Special education has its own specialized language. It might serve you well to look over these terms and acronyms before heading into your first ARD meeting.
504 - Passed in 1973 as part of the Federal Rehabilitation Act, 504 is for students with medical impairments or learning disabilities that do not fall under Special Education. Through a 504 plan, these students can also receive the accommodations and support they need to be academically successful.
Accommodations & Modifications - These terms are used regarding Special Education, 504, and ESL students, but they are not interchangeable. Accommodations are changes in how students are taught and assessed. They are still responsible for learning the same material as their general education peers; this just provides them with the assistance they need to meet the same educational standards.
Modifications are changes in what the students are taught. Students receiving modifications are unable to meet the same goals/standards and are being taught and assessed at a reduced level than their peers.
Anecdotal Records - These are narrative descriptions of student actions, behaviors, and skills that can help paint a better picture of a student than just data.
ARD (Admission, Review, and Dismissal) - An ARD is an annual meeting to determine exactly what services and accommodations students identified as needing Special Education services need in order to be successful. All decisions are made by a committee made up of a parent or guardian, the student, a general education teacher, a special education teacher, a school administrator, a diagnostician, and a school counselor.
BIP (Behavior Intervention Plan) - While teachers may develop behavior plans for individual students, a BIP is a formal, legal document that is created in conjunction with a student’s IEP after a Functional Assessment has been completed. A BIP falls under the jurisdiction of Special Education and must be approved and reviewed annually by an ARD committee.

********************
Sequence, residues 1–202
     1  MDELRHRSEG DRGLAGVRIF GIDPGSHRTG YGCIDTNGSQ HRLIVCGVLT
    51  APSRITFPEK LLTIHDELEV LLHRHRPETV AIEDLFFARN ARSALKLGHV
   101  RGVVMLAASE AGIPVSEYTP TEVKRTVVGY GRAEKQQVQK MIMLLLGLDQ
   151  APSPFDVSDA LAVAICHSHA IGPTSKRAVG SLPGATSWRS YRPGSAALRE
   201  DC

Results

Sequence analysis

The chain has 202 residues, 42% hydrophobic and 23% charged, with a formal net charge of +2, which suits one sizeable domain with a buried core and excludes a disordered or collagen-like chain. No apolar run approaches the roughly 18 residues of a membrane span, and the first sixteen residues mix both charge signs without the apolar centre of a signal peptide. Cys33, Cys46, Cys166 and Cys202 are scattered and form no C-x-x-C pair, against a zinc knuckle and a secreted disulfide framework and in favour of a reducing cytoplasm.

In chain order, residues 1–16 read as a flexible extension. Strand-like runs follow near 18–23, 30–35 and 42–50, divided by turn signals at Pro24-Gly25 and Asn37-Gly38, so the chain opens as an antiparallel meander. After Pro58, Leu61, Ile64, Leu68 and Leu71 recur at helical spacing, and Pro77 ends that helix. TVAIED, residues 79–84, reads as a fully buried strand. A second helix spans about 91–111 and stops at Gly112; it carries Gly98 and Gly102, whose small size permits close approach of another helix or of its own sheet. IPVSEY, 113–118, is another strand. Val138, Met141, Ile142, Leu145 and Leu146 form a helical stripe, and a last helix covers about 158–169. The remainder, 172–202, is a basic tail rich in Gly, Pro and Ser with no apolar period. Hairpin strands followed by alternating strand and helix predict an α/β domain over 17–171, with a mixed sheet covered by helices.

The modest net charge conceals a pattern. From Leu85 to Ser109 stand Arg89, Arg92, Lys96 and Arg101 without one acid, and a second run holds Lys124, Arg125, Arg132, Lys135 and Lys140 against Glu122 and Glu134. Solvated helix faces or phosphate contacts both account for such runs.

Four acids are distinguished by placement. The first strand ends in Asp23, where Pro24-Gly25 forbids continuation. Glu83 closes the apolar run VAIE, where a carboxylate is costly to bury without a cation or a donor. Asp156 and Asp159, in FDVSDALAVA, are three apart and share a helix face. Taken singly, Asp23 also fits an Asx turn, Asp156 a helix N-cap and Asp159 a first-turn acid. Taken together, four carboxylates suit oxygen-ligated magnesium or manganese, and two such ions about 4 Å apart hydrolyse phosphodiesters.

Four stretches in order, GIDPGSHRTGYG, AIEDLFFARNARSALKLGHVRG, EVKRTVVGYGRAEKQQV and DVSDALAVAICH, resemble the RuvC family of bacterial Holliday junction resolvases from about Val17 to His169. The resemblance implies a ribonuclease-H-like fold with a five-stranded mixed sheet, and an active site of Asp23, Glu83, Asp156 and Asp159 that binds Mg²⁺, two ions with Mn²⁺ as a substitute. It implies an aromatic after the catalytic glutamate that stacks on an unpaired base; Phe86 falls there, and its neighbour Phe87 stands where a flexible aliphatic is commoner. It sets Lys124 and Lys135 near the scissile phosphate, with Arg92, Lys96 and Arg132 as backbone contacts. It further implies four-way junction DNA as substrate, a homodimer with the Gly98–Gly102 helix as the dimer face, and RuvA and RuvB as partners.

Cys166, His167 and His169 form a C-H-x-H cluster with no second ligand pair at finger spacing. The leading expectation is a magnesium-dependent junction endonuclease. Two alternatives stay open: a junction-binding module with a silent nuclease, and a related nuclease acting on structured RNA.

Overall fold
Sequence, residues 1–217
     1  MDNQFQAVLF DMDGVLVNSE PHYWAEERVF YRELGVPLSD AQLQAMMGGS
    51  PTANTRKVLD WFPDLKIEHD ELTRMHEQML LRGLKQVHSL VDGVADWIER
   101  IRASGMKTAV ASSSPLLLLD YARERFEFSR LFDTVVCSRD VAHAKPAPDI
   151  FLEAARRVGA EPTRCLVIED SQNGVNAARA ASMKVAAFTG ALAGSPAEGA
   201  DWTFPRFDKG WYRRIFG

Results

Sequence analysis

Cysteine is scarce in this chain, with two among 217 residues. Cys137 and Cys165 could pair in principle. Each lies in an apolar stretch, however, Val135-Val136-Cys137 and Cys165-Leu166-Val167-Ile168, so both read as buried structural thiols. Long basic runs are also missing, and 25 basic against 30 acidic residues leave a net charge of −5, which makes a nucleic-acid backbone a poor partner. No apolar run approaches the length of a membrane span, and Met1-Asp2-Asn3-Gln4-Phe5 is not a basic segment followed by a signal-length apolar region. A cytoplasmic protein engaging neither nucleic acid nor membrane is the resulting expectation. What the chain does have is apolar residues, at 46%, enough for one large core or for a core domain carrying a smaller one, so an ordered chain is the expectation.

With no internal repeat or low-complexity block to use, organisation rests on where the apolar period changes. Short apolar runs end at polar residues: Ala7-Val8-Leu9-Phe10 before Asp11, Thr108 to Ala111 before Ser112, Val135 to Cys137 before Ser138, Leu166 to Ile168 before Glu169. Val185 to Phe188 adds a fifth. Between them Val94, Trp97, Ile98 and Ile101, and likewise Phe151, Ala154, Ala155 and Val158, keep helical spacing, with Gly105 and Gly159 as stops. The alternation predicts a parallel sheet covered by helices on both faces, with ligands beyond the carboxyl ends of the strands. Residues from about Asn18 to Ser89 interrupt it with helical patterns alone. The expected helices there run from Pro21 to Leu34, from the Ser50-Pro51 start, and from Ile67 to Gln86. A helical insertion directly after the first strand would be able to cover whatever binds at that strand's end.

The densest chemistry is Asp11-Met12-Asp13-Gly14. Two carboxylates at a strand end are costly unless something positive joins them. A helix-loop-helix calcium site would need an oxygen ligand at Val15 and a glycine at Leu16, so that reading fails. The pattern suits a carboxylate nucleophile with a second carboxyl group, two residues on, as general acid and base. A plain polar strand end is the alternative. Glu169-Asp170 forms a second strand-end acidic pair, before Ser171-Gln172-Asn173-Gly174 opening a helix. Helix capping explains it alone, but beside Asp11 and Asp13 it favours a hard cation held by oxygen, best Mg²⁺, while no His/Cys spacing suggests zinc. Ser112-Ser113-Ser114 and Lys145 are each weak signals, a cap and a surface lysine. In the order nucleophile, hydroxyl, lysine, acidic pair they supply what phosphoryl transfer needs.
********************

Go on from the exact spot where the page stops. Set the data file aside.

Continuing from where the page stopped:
CM (Content Mastery) - Special Education students who are receiving instruction in a general education classroom can receive additional support or accommodations in a Content Mastery room that is staffed by Special Education personnel if it is stipulated in the student’s IEP.
Co-Teacher - An inclusion classroom can be structured in several different ways. In the co-teach model, a general education teacher and a special education teacher plan and teach together, equally sharing the responsibilities of the classroom.
Differentiation - This is intentionally planning and tailoring instruction to meet the individual needs of students with different abilities, learning levels, and learning styles.
FAPE (Free Appropriate Public Education) - Federal law mandates that districts are obligated to provide all students with a free and appropriate education regardless of their disability
FERPA & HIPAA (Family Educational Rights and Privacy Act & Health Insurance Portability and Accountability Act) - FERPA is a federal law that protects the privacy of student education records that contain personally identifiable information at all schools that receive federal funds.
HIPAA protects personally identifiable medical information.
IEP (Individualized Education Program) - This document is created by an ARD committee for students who qualify for special education services. The IEP is a legally binding document that identifies the services and accommodations Special Education students need to be successful. It is reviewed and updated annually by the committee.
Inclusion - In an inclusion classroom, students receiving special education services are enrolled and learn alongside general-education students in a traditional setting, but accommodations and services are by provided special education personnel in the classroom.
Life Skills - Generally speaking, a life skills class is targeted to special education students who need to be taught functional academic skills along with the very basic, essential skills necessary for every day living such as personal hygiene, safety, appropriately-leveled vocational skills, money-management, and self-advocacy.
LRE (Least Restrictive Environment) - This is the educational setting in which students can receive an education that is equitable to nondisabled peers in a setting that is most appropriate to their needs with as few restrictions, accommodations, or modifications as possible.
OHI (Other Health Impairment) - This team is part of the Individuals with Disabilities Education Act to qualify students for special education services outside of a learning disability, cognitive impairment, or emotional disturbance.
OT & PT (Occupational Therapy & Physical Therapy) - Two types of services provided to special education students who require it. This is mandated as part of the Individuals with Disabilities Education Act.
RTI (Response to Intervention) - This is the systematic approach to identifying, documenting, and determining the needs of each student along with determining which students may need additional support from special education or dyslexia services or behavior intervention.
SPED (Special education) - The abbreviation “Sped” is often used when referring to special education programs or students who qualify for such services.